Reuben Dunbar shares how the Pride in Pharmacy training and support programme aims to help pharmacy teams feel confident in the ways they can provide more equitable healthcare to LGBTQ+ people.

Why is Pride in Pharmacy important for both pharmacy teams and patients?

The aim of Pride in Pharmacy is for every LGBTQ+ person to be able to walk into a pharmacy and feel safe, accepted, seen, and supported by the healthcare professionals who provide their care.

We know that delayed engagement with healthcare providers due to fear of discrimination or lack of understanding is a significant barrier for LGBTQ+ individuals, and that delay leads to poorer health outcomes overall.

Pharmacies are a key point of contact for patients, and schemes like Pharmacy First mean that we can anticipate higher levels of that contact in community pharmacy.

Our Pride in Pharmacy education programme empowers pharmacy teams with a better understanding of the difficulty their patients can face while accessing healthcare, and we provide structured support with practical solutions to those barriers.

Overall, our aim is for pharmacy teams to feel confident in the ways they can provide more equitable healthcare, and for patients to feel equally confident that they will be treated with care and respect.

What can pharmacy teams do to make their pharmacy an inclusive space?

A key point of improving LGBTQ+ access to healthcare is to encourage earlier engagement with services.

A positive way pharmacies can do this is to work on making their pharmacy a more visibly inclusive space, both in-person and online. For someone who's unsure about how they'll be treated in a healthcare setting due to past negative experiences, seeing a poster or noticeboard with LGBTQ+ resources can be reassuring.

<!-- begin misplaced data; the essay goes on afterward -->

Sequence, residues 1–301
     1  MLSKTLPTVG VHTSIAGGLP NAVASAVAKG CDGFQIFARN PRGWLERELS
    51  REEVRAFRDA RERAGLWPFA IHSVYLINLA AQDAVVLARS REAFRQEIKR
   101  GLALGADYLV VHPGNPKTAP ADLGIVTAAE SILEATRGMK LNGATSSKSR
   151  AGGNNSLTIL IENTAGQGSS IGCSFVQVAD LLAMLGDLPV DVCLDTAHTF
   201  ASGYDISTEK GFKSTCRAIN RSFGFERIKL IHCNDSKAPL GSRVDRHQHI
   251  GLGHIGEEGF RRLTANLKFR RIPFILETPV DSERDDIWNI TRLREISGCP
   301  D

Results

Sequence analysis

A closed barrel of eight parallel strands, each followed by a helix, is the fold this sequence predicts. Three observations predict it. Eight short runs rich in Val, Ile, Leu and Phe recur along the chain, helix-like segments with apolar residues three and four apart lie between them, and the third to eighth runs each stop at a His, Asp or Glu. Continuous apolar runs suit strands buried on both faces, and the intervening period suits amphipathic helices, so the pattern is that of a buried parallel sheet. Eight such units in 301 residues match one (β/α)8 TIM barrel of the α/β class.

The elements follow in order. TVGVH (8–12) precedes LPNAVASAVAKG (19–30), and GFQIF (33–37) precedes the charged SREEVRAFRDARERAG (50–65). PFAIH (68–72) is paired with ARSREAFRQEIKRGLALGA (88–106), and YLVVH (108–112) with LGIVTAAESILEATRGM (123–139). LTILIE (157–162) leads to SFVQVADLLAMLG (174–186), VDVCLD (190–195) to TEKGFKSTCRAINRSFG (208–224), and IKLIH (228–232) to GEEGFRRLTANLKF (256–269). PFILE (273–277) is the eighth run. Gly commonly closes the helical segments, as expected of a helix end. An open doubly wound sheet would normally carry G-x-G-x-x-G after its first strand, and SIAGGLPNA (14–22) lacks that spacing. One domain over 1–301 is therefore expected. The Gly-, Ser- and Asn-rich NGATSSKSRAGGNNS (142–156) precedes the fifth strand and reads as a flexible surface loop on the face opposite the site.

On a similar level, working on the team's confidence with inclusive language is a very important step towards creating a supportive and welcoming space.

What can pharmacy team members do to learn more?

Pride in Pharmacy is made up of an assessment and training module that takes team members through LGBTQ+ history, specifically in legislature and healthcare, and then delves deeper into the intersecting marginalisations and barriers that lead to poorer health outcomes.

We then support teams to increase the visibility of LGBTQ+ identities in their practices, and provide ongoing education resources after they have achieved their Pride in Pharmacy accreditation.

By engaging with our programme, teams not only gain access to our in-depth education module, but also to our resource packs of information from specialists across different areas of healthcare and LGBTQ+ advocacy.

Our team page on LGBT Foundation's website has further information on how to reach out and start working towards making your pharmacy a more inclusive space.

Reuben Dunbar leads the LGBT Foundation's work with community pharmacies and coordinates Pride in Practice, which works to improve the experiences of LGBTQ+ people accessing primary care services.

Pride in Pharmacy grew from the Pride in Practice work, and the team has worked with individuals and teams across the community pharmacy sector and has learned first hand about the needs of LGBTQ+ individuals accessing healthcare through pharmacies, as well as the needs of the teams who support them.